Rumsfeld and Cheney safeguard America
Former defense secretary Donald Rumsfeld has been wrongly accused by critics of arrogantly shooting from the hip and getting us into that mess in Iraq.
But private memos from earlier in his career reveal a cautious man, much more cautious than people give him credit for, maybe even hyper-cautious.
For example, a "memorandum for the file" that he dictated on Sunday, Sept. 29, 1974, seven weeks after Gerald Ford assumed the presidency following Richard Nixon's resignation, recounts a problem that arose as he prepared to replace Alexander Haig as White House chief of staff.
Rumsfeld, temporarily in an office in the Executive Office Building, noted that he had met the day before "at approximately 5 p.m." with his pal Dick Cheney, then a presidential assistant, and others "to assist me in starting the move into Haig's old office" in the West Wing.
Rumsfeld recalled that the group helped him empty cupboards and closets and "look around the place."
He recalled that he wanted "to make sure that Haig had left nothing that he might want . . . and I wanted to make sure that there was nothing in the place that I didn't want there, such as recording equipment, telephone bugs and the like." Good idea.
"At approximately 5:15, I believe," an aide told him there was "a safe in the cupboard" by the fireplace in the office. At "approximately 7 p.m.," he recalled, he asked Cheney and another aide to get the safe combination "so I could start using it in the event I had classified material."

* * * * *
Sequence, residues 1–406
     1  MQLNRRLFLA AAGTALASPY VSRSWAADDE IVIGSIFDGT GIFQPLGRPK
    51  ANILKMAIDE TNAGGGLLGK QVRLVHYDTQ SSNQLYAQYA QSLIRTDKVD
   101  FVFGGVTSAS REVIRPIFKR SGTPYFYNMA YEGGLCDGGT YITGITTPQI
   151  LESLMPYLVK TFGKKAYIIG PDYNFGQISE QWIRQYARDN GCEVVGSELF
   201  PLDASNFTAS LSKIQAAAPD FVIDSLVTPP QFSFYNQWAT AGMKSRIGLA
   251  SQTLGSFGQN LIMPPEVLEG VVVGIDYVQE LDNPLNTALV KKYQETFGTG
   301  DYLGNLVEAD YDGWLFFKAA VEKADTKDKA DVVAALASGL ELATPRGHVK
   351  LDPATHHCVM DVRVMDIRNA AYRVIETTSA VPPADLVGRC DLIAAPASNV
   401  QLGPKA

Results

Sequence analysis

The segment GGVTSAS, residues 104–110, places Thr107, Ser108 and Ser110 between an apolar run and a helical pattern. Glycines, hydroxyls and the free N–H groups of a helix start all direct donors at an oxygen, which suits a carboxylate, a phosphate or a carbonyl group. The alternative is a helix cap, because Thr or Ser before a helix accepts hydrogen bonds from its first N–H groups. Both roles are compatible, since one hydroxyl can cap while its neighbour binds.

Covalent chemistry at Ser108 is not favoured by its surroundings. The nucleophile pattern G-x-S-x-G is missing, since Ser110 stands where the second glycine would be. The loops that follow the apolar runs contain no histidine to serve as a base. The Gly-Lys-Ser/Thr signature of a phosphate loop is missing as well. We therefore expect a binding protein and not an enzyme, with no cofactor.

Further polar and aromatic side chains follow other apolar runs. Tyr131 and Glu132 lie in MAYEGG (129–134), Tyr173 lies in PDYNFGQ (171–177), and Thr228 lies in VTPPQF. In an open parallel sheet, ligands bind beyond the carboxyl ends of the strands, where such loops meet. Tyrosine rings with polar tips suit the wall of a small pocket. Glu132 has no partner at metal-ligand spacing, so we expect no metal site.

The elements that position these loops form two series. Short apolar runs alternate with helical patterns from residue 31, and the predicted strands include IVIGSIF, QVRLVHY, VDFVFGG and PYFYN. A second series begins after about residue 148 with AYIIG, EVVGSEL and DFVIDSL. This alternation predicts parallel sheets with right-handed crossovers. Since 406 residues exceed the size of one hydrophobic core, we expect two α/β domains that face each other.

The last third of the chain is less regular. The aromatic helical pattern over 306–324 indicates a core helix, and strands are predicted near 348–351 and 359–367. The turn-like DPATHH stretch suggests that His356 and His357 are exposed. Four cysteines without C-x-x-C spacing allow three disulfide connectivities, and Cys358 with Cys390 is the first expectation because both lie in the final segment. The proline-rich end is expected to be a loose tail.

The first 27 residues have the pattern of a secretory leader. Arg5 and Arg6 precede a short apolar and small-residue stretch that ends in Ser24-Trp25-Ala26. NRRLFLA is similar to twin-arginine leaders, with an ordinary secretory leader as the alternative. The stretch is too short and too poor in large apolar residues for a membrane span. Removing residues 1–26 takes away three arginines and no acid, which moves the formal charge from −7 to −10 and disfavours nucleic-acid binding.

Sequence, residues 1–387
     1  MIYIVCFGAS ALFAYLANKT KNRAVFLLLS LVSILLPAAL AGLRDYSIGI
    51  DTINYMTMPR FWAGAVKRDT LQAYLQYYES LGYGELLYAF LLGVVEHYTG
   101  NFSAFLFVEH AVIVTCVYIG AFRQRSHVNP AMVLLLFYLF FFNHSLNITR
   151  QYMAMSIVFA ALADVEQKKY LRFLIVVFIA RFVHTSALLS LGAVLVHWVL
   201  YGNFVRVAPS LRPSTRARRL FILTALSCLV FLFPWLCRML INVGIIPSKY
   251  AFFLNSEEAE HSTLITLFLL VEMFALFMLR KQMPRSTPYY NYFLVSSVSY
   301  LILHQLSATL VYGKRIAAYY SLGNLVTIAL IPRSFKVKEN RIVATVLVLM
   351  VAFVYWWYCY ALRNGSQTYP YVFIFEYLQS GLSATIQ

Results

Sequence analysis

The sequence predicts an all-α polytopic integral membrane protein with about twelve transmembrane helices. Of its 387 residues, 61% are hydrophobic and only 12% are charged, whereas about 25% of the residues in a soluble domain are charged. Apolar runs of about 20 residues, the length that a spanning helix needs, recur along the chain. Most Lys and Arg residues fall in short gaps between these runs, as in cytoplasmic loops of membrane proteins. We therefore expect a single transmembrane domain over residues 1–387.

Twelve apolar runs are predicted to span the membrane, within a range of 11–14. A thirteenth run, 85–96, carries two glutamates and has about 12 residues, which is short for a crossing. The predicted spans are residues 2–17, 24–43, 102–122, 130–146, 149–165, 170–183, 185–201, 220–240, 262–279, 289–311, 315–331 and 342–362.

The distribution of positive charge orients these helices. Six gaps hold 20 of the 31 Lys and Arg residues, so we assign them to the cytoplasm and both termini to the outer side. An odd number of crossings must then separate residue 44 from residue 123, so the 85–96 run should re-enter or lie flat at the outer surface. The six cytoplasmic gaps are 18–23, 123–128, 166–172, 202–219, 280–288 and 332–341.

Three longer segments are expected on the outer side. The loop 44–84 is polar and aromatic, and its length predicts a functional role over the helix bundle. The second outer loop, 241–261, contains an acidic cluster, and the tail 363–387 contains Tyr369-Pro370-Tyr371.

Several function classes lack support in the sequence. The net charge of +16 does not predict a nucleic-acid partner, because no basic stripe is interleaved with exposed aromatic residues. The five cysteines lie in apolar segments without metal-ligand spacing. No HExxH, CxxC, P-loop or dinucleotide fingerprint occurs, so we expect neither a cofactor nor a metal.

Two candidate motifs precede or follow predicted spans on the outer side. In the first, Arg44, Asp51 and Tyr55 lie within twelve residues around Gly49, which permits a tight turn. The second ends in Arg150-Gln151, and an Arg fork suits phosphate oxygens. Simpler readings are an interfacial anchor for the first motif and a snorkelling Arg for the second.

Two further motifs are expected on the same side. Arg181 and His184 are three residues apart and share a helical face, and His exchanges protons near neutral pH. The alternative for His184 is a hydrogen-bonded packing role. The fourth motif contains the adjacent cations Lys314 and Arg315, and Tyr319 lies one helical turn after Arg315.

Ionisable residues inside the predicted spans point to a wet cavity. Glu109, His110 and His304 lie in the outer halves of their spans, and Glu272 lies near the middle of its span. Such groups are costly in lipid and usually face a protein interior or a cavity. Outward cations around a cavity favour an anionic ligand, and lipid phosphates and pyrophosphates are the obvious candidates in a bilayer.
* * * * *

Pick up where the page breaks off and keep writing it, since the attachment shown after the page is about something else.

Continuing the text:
But an aide said that "there is something you ought to know about the safe." Seems the safe had not been opened during Haig's tenure. "Haig had apparently asked to have it opened" but former White House counsel J. Fred Buzhardt told Haig he didn't want it opened, Rumsfeld recalled being told.
So Rumsfeld told Cheney he "wanted the safe moved out of my office, unopened" and would check with counsel about letting Watergate investigators know it was there and, if possible, what might be in it.
He arranged for a guard at the door when he left his office later that night, he recalled, "to protect it from entry," in case there was "evidence related to the work of the Justice Department" or other Watergate investigators.
"I knew that I had not touched it nor had any of the people who had been in my office," he said, listing Cheney and others who'd been in there.
And no one had touched it the next morning when he called the counsel's office to "develop a procedure for transfer of the safe out of this office," he wrote. Before the safe was carefully put on a dolly to take it across West Executive Drive to a vault in the EOB, Rumsfeld made sure he got a receipt (which is attached to the memo) showing it had been transferred out of his custody.